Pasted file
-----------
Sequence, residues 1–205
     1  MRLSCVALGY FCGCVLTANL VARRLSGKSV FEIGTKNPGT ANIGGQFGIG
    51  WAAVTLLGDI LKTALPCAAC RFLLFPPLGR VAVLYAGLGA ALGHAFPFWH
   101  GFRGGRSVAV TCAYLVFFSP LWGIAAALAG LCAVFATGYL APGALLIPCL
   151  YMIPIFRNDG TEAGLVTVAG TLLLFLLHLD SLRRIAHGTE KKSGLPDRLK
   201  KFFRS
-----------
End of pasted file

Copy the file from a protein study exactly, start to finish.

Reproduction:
Sequence, residues 1–205
     1  MRLSCVALGY FCGCVLTANL VARRLSGKSV FEIGTKNPGT ANIGGQFGIG
    51  WAAVTLLGDI LKTALPCAAC RFLLFPPLGR VAVLYAGLGA ALGHAFPFWH
   101  GFRGGRSVAV TCAYLVFFSP LWGIAAALAG LCAVFATGYL APGALLIPCL
   151  YMIPIFRNDG TEAGLVTVAG TLLLFLLHLD SLRRIAHGTE KKSGLPDRLK
   201  KFFRS